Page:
Comparing Immersive Virtual Reality and PowerPoint as Methods for Delivering Safety Training: Impacts on Risk Perception, Learning, and Decision Making




Professorship/Faculty: Personality Psychology and Psychological Assessment  
Author(s): Leder, Johannes  ; Horlitz, Tina ; Puschmann, Patrick; Wittstock, Volker; Schütz, Astrid  
Publisher Information: Bamberg : opus
Year of publication: 2018
Pages: 68
Source/Other editions: Wird voraussichtlich erscheinen in: Safety Science 56 (2018)
Language(s): English
DOI: 10.20378/irbo-52667
Licence: Creative Commons - CC BY - Attribution 4.0 International 
DOI: 10.1016/j.ssci.2018.07.021
URL: https://doi.org/10.1016/j.ssci.2018.07.021
URN: urn:nbn:de:bvb:473-opus4-526677
Abstract: 
In two experimental studies, we compared safety training given via immersive virtual reality with safety training given via PowerPoint in their effects on risk perception, learning, and risky choices. In Study 1, we compared the two methods in a sample of apprentices (N = 53) and also investigated whether participants’ conscientiousness and locus of control moderated the effects of safety training. In Study 1, we found an effect of training method on the change in risk perception in terms of probability judgments and on risky decisions but not on learning. In Study 2 (N = 68), we sought to replicate Study 1 and also tested whether domain-specific risk attitudes affected risk perception and choice.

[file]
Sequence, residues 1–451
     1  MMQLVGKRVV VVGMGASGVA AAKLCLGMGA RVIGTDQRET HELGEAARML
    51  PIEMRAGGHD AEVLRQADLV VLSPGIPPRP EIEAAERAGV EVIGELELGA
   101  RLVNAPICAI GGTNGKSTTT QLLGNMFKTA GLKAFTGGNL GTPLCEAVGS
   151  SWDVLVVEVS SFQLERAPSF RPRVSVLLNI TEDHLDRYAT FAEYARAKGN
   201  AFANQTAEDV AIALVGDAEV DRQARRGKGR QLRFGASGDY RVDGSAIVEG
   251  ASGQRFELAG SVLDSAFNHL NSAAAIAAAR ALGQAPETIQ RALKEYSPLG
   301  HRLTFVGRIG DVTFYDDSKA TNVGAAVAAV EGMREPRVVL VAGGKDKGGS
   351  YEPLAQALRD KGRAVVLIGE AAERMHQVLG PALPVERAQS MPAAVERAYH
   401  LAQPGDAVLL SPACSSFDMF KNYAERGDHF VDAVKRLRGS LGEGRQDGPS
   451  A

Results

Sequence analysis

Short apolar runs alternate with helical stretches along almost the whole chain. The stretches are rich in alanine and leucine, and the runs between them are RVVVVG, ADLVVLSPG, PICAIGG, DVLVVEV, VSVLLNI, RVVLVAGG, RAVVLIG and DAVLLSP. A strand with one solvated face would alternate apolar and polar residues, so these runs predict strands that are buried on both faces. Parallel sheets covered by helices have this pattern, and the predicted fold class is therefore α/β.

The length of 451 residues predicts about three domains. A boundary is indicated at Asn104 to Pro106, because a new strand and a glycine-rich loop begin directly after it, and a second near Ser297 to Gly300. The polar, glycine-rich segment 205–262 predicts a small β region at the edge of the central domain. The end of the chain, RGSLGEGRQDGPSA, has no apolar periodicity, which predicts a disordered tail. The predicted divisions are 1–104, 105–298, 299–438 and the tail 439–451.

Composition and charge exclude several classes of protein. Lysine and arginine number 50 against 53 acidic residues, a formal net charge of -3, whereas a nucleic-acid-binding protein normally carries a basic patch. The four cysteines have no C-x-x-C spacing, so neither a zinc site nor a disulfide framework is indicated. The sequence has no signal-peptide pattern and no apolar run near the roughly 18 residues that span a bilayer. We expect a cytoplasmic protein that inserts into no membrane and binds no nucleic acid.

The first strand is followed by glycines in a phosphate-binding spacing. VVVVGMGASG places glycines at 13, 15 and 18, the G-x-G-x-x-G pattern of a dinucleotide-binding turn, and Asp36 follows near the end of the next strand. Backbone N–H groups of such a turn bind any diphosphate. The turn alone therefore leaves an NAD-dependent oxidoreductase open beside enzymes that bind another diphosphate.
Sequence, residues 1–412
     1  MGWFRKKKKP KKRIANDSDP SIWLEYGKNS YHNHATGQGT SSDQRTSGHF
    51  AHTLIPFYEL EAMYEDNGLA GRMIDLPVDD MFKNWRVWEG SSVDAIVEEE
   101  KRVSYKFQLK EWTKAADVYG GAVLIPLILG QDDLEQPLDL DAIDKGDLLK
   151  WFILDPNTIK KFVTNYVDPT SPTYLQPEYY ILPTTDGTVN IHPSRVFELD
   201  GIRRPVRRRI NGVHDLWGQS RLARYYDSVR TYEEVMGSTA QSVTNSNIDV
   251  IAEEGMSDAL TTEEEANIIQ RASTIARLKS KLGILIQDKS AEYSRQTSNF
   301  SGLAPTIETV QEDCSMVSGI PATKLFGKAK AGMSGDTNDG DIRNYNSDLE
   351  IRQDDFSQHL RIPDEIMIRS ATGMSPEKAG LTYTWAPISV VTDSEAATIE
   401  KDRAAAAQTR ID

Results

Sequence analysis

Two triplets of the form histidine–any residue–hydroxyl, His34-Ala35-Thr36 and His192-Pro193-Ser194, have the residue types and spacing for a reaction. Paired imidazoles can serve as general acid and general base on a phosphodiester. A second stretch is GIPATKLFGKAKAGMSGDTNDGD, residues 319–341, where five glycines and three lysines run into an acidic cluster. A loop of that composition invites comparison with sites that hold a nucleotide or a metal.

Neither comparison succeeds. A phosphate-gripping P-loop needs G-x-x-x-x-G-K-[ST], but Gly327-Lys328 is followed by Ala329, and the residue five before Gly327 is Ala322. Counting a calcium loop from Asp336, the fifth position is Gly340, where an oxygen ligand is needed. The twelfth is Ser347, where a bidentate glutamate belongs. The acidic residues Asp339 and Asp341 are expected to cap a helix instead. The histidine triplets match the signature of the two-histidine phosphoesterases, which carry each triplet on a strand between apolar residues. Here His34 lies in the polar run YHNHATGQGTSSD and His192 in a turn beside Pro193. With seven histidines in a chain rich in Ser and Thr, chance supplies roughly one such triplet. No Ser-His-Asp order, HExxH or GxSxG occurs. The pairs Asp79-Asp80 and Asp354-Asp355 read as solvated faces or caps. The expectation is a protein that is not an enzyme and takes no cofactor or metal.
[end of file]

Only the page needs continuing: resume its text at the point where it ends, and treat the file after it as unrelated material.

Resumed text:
Furthermore, long-term effects of safety training on information recall and risk perception after a 6-month interval were assessed. The effects found in Study 1 could not be replicated in Study 2. Neither study found an interaction between presentation medium and personality. We conclude that the costly procedure of immersive virtual reality (VR) does not seem justified for safety training because the less costly PowerPoint procedure with vivid film scenes did not fare significantly worse with respect to changes in risk perception, learning outcomes, or decision making.
SWD Keywords: Sicherheitstraining ; Virtuelle Realität ; PowerPoint
DDC Classification: 150 Psychology  
RVK Classification: CW 9500   
Peer Reviewed: Ja
International Distribution: Ja
Document Type: Preprint
URI: https://fis.uni-bamberg.de/handle/uniba/44336
Year of publication: 2. October 2018

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